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Achievements, Assets, Advocacy: The AAA Approach to Career Progress

I confess I wasn’t the most comfortable Head of Planning. I found people’s ambitions often ran ahead of their delivery, and my capacity to reward them. This is a guide I developed to give people some means of judging their progress.

Barge Haulers on the Volga, Ilya Repin

I didn’t really enjoy being Planning Department Head.

I’d call Planners’ Meetings to rally the troops and share experiences. A motley crew of the bashful, intense and sartorially challenged would file silently into the Indigo Room. They’d sit staring into their notes, unwilling to share their secrets, reluctant to make fools of themselves. I’d present my ‘Broad and Shallow Planning’ philosophy and they’d glare back at me as if I was a buffoon. I found it all a bit passive aggressive. And I longed for a few Account People to puncture the tension and jolly things along.

I walked out of those meetings speculating on the collective noun for Planners: a Confusion of Planners, an Awkwardness of Planners, a Circumspection?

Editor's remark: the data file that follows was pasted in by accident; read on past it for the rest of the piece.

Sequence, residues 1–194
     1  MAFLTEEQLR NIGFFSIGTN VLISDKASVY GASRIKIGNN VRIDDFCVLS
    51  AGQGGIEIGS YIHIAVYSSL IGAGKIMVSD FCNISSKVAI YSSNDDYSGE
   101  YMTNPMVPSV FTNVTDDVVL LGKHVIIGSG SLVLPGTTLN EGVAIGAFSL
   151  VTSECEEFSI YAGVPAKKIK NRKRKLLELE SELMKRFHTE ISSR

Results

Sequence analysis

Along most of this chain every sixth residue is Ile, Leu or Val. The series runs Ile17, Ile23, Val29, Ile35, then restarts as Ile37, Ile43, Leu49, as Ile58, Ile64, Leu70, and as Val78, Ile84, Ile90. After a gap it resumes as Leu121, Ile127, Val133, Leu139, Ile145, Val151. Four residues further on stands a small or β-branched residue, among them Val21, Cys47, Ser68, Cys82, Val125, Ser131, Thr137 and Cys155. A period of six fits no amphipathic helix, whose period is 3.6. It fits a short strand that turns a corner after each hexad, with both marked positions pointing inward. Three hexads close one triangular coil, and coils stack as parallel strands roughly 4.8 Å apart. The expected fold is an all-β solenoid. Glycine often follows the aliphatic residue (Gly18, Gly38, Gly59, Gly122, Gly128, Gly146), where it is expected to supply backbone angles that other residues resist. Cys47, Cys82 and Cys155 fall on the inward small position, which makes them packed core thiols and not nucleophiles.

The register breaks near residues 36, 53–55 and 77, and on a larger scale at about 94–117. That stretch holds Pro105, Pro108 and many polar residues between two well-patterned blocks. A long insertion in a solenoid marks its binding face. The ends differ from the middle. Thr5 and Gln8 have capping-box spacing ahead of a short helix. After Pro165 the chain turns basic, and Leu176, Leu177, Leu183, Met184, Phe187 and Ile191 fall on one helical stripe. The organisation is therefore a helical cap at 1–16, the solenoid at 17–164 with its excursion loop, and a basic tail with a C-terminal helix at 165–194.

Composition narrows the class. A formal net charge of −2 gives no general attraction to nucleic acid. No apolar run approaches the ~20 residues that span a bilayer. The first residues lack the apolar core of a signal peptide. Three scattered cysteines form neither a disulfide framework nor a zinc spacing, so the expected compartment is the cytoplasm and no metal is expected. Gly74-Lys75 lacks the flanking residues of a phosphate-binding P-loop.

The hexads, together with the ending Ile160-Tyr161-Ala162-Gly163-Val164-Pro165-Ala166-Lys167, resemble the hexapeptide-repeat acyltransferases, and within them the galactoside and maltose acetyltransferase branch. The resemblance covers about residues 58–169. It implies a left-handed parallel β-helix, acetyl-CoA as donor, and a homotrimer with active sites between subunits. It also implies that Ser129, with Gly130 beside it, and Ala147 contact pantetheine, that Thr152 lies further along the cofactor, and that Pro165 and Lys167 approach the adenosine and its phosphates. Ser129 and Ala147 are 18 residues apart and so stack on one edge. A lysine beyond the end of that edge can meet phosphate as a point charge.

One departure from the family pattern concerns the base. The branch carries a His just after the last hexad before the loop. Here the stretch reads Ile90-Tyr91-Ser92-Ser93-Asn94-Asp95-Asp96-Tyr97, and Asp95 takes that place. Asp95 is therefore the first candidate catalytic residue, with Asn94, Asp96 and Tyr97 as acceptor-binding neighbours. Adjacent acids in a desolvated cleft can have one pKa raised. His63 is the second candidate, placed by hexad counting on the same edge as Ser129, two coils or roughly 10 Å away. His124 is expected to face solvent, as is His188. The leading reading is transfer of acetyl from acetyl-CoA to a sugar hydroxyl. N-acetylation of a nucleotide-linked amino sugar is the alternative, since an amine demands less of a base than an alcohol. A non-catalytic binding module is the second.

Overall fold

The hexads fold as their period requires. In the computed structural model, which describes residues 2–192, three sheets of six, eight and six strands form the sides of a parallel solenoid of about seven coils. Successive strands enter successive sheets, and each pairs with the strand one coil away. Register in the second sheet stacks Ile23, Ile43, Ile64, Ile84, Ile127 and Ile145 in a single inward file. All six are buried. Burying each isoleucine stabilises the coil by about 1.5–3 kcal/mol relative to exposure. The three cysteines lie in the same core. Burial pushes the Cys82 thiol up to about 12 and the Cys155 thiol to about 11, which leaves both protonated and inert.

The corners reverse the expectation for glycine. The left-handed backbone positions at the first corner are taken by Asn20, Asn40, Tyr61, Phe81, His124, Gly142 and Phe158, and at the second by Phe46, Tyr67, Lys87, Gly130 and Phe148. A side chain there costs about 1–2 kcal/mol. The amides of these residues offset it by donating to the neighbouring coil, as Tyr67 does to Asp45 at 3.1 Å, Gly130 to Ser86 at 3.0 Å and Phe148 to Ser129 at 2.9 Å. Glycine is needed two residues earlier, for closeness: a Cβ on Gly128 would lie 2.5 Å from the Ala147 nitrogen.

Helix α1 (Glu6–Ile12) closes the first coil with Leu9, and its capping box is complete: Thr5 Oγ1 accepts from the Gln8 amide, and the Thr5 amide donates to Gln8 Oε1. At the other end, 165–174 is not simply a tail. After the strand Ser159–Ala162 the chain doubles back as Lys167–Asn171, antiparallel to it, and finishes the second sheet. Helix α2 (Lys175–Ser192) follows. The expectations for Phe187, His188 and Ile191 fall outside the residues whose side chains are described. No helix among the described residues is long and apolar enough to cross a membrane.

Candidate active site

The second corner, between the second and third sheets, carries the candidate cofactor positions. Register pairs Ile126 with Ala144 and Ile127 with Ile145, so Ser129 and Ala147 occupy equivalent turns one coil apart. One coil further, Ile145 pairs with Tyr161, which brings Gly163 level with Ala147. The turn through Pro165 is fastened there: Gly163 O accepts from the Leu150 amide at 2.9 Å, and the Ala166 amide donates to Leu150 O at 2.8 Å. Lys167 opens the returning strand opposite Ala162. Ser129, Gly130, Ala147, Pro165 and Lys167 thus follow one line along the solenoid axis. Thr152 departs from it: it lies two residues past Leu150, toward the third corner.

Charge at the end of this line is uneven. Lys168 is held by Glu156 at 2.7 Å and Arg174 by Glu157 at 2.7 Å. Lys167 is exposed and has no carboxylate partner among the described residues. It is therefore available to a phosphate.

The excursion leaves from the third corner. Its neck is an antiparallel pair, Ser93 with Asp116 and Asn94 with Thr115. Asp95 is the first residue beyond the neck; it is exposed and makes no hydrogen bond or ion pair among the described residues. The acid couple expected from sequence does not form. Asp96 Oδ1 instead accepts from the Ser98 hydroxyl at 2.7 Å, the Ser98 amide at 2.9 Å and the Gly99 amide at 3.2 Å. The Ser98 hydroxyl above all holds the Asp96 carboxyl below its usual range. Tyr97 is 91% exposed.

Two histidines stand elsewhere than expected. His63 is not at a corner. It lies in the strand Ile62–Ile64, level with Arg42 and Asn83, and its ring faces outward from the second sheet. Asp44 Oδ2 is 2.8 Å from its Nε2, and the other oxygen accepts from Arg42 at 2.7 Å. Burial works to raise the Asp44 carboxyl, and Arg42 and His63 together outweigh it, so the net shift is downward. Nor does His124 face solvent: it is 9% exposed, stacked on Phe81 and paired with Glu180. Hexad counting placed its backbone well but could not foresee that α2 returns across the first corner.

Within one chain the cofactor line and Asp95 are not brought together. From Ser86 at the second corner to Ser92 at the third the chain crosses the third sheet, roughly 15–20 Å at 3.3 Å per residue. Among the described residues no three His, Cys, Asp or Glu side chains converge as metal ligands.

And then there were those times when a member of my Department popped half an hour in the diary for a ‘catch-up.’ Blimey. I wonder what they could want? Please don’t let it be another resignation…Generally they were just unhappy; they didn’t feel valued; they wanted to know my long-term plan for their career. ‘Can I work on a more glamorous account? Can I have a pay rise? Can I have a new job title?’

The truth was I rarely had anything that could really be described as a long-term plan for any individual. I was mostly just trying to get people performing at their best within roles that served the commercial needs of the Agency. I was often too busy worrying about immediate job allocation to ponder enduring career development. And I rarely had spare accounts, budget, or titles to distribute. I felt a bit useless.

At length I realised that I could at least offer my colleagues some direction on how they could advance. I was conscious that the feedback you get from line managers is generally pretty nebulous. I wanted to give them something more consistent and tangible; something they could refer back to at appraisal time.

To my mind, if you are to progress as a Planner, you need to deliver on three fronts.

i) Achievements

However much we may applaud effort, enthusiasm, talent and good intentions, we’re none of us in the game of valiant defeat. If you want to get on in an Agency, you need to be associated with success - whether that be commercial, cultural or creative. You need to be part of a winning team: winning business; winning awards; winning plaudits and client approval; plotting a path to growth, demonstrating success.